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There are a variety of factors which can cause a sudden blood sugar drop to occur, including eating the wrong combination of foods, exercising too strenuously without eating enough, taking certain herbal supplements or medications, and dining on the wrong kind of sugars and carbohydrates. Those with Type 1 diabetes are more likely to experience sudden blood sugar changes, but anyone can suffer from an occasional episode unless steps are taken to prevent it. Most sudden drops in blood glucose levels in non-diabetics stem from improper diet and too much physical activity.
Those with Type 1 diabetes or hypoglycemia are the most at risk for a sudden blood sugar drop. This can be caused by not properly monitoring food intake and combining the wrong foods for proper blood glucose control. For instance, eating refined carbohydrates leads to a rapid increase in blood sugar. This spike is generally followed by a dramatic drop in glucose levels shortly after. Some studies have shown that combining refined carbohydrates or sweets with protein may also exacerbate low blood sugar because the added protein affects the way the body absorbs and processes glucose.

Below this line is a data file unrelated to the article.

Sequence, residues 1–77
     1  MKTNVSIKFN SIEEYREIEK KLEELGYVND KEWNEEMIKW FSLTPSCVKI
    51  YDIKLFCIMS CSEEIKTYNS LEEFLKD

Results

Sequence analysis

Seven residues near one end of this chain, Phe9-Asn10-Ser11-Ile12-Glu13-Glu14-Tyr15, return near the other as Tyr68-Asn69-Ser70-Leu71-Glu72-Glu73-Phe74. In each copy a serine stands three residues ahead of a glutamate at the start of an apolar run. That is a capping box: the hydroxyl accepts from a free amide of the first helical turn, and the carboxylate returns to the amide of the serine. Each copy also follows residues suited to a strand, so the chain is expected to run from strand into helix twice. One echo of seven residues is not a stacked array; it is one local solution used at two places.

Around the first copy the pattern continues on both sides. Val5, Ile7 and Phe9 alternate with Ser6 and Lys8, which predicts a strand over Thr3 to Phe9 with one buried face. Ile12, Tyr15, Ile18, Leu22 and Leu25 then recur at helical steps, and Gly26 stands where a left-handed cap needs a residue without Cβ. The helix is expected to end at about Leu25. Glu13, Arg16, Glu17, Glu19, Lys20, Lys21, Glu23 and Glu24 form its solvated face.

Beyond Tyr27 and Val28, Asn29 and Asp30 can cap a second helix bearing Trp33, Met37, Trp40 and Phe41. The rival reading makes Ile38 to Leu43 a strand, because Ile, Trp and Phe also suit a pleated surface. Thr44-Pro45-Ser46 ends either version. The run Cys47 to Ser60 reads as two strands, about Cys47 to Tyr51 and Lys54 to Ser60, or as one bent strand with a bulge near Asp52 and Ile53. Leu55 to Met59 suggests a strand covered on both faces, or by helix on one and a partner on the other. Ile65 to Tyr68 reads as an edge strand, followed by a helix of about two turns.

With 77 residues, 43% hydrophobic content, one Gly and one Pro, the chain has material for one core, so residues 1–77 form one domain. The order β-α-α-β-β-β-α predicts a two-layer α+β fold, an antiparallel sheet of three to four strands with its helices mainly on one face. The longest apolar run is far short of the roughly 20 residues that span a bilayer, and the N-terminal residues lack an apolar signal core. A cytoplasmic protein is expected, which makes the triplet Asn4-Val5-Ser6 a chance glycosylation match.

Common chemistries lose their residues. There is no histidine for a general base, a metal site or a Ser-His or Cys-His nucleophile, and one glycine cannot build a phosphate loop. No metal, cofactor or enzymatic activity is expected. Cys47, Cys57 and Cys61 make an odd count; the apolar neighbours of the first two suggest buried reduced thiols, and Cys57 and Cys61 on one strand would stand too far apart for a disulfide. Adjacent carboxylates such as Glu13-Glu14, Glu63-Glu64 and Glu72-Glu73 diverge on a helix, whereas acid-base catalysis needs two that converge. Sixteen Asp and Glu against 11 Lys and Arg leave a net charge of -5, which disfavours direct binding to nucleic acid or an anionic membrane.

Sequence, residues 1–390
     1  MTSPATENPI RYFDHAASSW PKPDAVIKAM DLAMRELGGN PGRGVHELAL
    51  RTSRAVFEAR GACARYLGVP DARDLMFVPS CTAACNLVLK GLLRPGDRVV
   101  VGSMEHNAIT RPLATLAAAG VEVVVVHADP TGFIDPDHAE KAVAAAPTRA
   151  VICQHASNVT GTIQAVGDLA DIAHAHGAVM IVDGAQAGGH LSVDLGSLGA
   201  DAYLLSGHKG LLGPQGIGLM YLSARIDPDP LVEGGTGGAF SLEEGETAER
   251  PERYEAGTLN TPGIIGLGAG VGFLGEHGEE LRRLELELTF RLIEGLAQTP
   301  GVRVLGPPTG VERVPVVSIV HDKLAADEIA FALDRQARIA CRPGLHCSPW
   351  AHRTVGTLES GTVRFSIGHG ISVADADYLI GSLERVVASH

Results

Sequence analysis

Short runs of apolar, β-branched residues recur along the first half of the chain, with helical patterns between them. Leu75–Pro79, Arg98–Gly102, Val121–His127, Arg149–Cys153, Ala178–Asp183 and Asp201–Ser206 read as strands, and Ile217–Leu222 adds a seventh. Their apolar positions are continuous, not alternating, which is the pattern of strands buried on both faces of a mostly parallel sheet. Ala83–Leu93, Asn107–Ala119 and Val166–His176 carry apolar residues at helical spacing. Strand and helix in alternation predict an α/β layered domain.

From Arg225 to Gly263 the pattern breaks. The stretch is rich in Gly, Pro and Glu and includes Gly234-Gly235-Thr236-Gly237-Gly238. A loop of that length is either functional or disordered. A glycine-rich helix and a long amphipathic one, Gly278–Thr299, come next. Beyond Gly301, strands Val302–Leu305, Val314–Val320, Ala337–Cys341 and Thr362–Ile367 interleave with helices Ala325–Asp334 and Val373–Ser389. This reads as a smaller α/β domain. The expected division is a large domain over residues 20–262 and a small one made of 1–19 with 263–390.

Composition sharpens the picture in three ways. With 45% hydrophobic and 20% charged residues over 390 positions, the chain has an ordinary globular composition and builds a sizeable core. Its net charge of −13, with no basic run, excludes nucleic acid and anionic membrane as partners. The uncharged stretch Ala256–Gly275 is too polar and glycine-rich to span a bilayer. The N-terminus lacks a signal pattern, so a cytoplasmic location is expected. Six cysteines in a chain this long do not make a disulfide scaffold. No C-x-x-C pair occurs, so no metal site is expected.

Exercising may also cause a sudden blood sugar drop, primarily if being done on an empty stomach. When the body is engaging in strenuous activity, the heart pumps faster and moves more blood through the body in less time. This increased blood flow can dilute insulin levels and impact how well the body breaks down glucose in foods. If nothing was eaten prior to a workout, glucose levels can drop even further because there is no sugar for the body to break down at all.
Some studies have also shown that certain dietary supplements or foods can cause a sudden blood sugar drop in some individuals. Green tea, for instance, has lowered blood sugar in several animal studies. It is thought this happens because the polyphenols found in the tea impact the efficiency of insulin. It requires several servings per day to cause a problem with most individuals, and green tea should not necessarily be avoided since it offers many health benefits. Those with Type 1 diabetes should consult a health care professional before drinking green tea, however, and it should not be consumed on an empty stomach.
In some cases, a sudden blood sugar drop may occur in those with type-2 diabetes who are taking insulin or another blood glucose lowering medication. This generally happens when the medications are taken in higher dosages than recommended, or when the drugs are taken without proper food intake. It is very important for all diabetics to carefully monitor blood sugar levels to ensure that they are normal both before and after meals.
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